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Circle/AABB sweep test

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I get that a Circle/AABB sweep test involves creating a capsule by adding a border to the AABB as thick as the radius of the circle and then finding the point of intersection where the center of the cricle meets the capsule. What I can't figure out or find is how to calculate the point where the center of the circle meets the capsule. I've been googling around and been finding incomplete explanations and broken links. So how do I calculate the time the center of the circle hits the capsule?

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The capsule can be constructed as an AABB in the middle, and a circle at each end. Divide the problem into three tests, one point-AABB test, and two point-circle tests.

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No it can't, that's not what he meant. He meant he's turning the AABB into a larger rounded rectangle.

Anyway : You don't need to explicitly do that. I've never written a SweptCircle->AABB collision test but I have written a SweptCircle->Polygon collision test, which is the generalized form of the problem. It just iterates over every edge and checks them against the swept circle, so all you ultimately need is a SweptCircle->LineSegment test.

Now, instead of just returning a bool, the function calculates how far the circle would move before hitting the segment (If it ever hits at all), and returns a Resting Point; where the center of the circle will be when it's stopped. When checking against the polygon, the closest collision is the one to use.


public static bool CollideSweptCircleWithSegment(SweptCircle Circle, Vector2 P0, Vector2 P1,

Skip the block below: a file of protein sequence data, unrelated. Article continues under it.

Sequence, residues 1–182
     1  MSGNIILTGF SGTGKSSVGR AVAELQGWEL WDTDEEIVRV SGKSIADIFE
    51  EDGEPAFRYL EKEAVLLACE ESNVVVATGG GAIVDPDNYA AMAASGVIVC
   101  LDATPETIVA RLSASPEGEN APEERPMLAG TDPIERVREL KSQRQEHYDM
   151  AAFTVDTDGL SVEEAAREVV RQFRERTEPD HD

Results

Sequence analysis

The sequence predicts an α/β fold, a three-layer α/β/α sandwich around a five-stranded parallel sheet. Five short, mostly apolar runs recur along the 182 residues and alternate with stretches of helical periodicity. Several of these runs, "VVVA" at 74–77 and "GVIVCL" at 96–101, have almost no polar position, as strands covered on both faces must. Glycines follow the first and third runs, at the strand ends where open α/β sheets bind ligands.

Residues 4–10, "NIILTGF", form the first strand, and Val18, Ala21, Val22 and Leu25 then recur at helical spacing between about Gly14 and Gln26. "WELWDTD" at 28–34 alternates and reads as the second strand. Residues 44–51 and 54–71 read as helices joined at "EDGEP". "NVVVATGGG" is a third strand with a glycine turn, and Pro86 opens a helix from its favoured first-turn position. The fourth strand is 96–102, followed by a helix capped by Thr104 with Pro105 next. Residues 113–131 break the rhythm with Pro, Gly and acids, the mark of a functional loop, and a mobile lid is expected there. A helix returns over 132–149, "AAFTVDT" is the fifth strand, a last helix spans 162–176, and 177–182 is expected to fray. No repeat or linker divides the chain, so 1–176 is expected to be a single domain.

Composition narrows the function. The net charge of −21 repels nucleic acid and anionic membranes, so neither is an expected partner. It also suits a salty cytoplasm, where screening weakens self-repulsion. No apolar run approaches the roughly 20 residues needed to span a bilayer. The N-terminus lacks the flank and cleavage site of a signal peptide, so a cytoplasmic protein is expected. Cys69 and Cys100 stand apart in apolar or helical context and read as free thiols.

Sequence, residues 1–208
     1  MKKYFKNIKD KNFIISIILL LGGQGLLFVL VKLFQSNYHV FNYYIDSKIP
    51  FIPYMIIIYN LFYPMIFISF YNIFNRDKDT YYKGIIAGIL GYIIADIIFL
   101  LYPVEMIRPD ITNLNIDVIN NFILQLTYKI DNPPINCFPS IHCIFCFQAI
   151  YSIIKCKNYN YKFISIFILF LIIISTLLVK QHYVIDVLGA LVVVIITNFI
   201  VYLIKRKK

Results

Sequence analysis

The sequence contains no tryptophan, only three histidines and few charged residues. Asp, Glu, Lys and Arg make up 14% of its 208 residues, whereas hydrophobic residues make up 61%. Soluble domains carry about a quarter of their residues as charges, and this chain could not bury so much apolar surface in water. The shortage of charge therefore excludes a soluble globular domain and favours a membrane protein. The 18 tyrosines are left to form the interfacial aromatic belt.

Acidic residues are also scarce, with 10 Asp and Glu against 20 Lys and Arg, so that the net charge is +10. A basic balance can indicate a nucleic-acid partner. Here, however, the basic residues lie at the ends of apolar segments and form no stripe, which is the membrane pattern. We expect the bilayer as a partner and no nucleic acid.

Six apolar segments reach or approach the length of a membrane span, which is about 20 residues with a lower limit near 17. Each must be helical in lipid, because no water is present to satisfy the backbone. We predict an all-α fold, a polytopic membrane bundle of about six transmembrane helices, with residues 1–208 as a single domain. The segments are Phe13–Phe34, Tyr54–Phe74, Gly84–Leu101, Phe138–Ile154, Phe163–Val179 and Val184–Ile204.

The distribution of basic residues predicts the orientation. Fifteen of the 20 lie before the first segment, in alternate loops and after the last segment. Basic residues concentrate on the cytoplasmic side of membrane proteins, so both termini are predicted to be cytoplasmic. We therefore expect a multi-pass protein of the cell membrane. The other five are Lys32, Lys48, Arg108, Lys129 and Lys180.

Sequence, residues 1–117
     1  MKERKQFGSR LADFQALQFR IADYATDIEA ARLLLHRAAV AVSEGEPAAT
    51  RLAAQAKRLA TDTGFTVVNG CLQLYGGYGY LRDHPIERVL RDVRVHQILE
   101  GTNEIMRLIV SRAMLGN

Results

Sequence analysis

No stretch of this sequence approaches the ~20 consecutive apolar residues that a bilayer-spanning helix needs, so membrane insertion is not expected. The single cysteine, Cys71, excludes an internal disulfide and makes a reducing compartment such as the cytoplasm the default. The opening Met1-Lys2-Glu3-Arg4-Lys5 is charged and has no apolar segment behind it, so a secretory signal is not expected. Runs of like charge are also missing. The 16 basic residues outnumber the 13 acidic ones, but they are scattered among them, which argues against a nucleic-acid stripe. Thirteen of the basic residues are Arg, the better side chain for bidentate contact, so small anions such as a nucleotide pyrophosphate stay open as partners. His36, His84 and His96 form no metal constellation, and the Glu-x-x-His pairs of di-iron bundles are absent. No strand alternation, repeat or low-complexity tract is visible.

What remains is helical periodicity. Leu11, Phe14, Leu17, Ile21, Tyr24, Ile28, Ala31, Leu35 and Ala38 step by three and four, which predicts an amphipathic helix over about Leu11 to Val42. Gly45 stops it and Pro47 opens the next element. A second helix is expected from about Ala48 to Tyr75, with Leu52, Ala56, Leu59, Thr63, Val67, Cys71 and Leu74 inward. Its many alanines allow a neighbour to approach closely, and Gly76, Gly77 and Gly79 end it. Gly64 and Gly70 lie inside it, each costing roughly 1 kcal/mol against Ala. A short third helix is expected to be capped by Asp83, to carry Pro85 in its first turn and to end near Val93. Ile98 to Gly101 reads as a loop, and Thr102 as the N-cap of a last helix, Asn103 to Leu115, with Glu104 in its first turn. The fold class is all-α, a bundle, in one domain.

out Vector2 ContactPoint, out Vector2 RestingPoint)
{
ContactPoint = P0;
RestingPoint = P0;

//Find the normal of the segment by rotating it 90 degrees.
Vector2 Normal = VectorUtility.Perpendicular(P1 - P0);
Normal.Normalize();

if (Vector2.Dot(Circle.Direction, Normal) >= -TMath.Epsilon) return false; //Cull backfaces.

//The circle comes with the left and right extremes, perpendicular to the direction
//of motion, already calculated. So if both points are out beyond the left side,
//or both are out beyond the right side, there can't be a collision.
//And if either one is inside, there MUST be a collision!
if (VectorUtility.CrossZ(Circle.Direction, P0 - Circle.Left) < 0.0f
&& VectorUtility.CrossZ(Circle.Direction, P1 - Circle.Left) < 0.0f) return false; //Cull outside.
if (VectorUtility.CrossZ(Circle.Direction, P0 - Circle.Right) > 0.0f
&& VectorUtility.CrossZ(Circle.Direction, P1 - Circle.Right) > 0.0f) return false; //Cull outside.


//After this finding the actual resting point is just a line->line intersection test
//and a bit of tweaking things.

//Build a line in front of the line to be intersected with.
Vector2 RP0 = P0 + Normal * Circle.Radius;
Vector2 RP1 = P1 + Normal * Circle.Radius;

if (!Intersection.LineWithLine(Circle.Center, Circle.Center + Circle.Direction, RP0, RP1, out RestingPoint)) return false; //Parallel maybe

Vector2 U = Normal;
Vector2 V = P1 - P0;
Vector2 W = RestingPoint - P0;
float D = VectorUtility.CrossZ(U, V);

if (TMath.AlmostZero(Math.Abs(D)))
return false; //Parallel

float SI = VectorUtility.CrossZ(V, W) / D;
ContactPoint = RestingPoint + (SI * U);

//All we have to do now is make sure the collision didn't happen out beyond